The memorial felt like it grew 10 times its size as we approached it. I walked on the perimeter for many yards, completely overcome. I was afraid to enter and hesitant to feel. Upon entering, the tears came. My anxiety increased walking along the wall of Alabama counties - familiar place after place and reading name after name. Counties where I have spent time and played and had fellowship. Each familiar place was a punch in the gut, another knot, another lump. My heart raced as I spied my home county and the lone name that stood there. A new word easily came to mind as the one I should have thought of on the bus. My purpose for the day should have been and quickly changed to "remember". To remember these names, these people, their families. Especially those families whose last name was listed in multiples on some of the pillars. Walking through the replicas outside, it was too easy to spot the dates - my children's birthday, my birthday, a day close to now. One county with two columns of unknown people who all died within two days. Undone.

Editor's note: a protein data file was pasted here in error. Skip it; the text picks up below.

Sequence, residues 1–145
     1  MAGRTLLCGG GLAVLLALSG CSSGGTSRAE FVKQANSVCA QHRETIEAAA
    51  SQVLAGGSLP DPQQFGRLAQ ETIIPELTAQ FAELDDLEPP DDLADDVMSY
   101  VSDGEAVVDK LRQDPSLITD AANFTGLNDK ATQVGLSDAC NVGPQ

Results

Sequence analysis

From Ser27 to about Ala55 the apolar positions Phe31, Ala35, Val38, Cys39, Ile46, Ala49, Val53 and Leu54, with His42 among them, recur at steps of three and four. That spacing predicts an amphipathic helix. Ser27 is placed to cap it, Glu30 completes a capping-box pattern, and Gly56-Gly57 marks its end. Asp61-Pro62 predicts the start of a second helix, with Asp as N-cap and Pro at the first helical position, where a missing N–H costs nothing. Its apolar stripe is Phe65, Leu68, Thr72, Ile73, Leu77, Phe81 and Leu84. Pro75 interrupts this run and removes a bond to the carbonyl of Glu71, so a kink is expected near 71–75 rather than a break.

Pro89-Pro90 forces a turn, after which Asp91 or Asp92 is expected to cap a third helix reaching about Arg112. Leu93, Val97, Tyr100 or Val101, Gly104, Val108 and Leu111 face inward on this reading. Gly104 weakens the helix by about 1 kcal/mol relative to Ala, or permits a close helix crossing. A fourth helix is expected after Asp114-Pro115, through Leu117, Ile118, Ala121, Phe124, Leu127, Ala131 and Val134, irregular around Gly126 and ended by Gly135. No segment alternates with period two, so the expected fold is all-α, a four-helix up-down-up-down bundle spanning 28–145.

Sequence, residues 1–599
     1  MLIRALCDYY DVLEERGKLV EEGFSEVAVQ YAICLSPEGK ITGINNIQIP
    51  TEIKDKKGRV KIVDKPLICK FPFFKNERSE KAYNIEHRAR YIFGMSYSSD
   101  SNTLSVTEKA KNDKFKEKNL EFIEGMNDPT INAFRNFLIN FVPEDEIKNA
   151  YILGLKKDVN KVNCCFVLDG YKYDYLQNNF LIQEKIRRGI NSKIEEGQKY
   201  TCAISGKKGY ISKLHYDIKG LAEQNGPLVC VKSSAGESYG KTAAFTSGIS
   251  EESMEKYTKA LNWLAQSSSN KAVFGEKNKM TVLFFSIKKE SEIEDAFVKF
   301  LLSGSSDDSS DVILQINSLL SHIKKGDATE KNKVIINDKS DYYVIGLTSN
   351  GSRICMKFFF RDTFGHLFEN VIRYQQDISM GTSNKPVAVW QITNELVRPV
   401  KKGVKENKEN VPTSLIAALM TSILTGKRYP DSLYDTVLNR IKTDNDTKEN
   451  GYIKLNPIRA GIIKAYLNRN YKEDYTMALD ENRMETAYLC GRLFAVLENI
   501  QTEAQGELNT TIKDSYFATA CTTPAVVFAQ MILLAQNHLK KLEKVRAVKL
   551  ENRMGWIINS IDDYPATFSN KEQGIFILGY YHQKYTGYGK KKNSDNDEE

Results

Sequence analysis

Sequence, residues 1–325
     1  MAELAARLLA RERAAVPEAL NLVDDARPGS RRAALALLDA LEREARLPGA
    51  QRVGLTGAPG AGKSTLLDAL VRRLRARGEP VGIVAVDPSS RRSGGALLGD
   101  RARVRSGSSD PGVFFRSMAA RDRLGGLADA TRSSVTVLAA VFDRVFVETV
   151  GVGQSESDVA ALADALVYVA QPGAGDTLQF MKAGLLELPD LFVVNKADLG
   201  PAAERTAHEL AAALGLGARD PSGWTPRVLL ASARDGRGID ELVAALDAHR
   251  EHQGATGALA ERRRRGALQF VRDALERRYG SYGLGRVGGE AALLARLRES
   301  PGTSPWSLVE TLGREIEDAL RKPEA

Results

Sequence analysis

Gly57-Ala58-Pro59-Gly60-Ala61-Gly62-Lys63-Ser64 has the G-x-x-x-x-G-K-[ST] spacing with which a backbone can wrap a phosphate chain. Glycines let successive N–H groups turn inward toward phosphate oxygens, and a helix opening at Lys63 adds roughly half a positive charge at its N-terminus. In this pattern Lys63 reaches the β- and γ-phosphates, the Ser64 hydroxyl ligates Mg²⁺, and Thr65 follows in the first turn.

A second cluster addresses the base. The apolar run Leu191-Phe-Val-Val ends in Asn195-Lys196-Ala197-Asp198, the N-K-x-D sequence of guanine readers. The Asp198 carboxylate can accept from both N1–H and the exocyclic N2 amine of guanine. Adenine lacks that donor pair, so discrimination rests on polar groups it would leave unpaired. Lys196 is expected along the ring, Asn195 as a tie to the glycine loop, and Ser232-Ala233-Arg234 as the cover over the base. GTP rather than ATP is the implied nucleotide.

In retrospect, the memorial itself was built so that we walked level with the structures in the beginning, but then the sidewalk sloped and the ramp went deeper - gradually but very evident until we were immersed with them and ultimately they rose higher and higher above us, although we were still standing in the depths. What an image. 

When I googled Bunk Richardson and also began to follow the EJI instagram, I breathed a sigh of relief when I found that Gadsden has erected a memorial marker at the site of his lynching. I plan to visit it when I get back there. Such a long way to go. So many counties, so many names, so much damage. But I am eternally grateful to have at least begun the journey in the better direction.